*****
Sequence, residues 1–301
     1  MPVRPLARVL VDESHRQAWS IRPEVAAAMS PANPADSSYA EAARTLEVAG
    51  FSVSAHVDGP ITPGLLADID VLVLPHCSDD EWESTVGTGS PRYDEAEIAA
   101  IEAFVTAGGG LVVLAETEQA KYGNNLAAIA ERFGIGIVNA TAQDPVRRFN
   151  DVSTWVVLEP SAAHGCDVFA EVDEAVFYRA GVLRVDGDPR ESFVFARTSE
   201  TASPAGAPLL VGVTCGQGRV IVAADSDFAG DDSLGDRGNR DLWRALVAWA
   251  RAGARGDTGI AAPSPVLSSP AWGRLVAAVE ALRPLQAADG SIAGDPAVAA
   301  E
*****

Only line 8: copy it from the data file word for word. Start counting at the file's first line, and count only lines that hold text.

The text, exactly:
   301  E